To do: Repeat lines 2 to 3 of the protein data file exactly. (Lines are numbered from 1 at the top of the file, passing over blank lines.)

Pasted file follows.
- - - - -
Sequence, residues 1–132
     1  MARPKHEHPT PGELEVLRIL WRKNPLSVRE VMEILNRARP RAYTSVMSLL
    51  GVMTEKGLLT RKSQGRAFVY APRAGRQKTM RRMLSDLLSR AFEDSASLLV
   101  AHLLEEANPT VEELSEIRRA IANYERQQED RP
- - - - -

     1  MARPKHEHPT PGELEVLRIL WRKNPLSVRE VMEILNRARP RAYTSVMSLL
    51  GVMTEKGLLT RKSQGRAFVY APRAGRQKTM RRMLSDLLSR AFEDSASLLV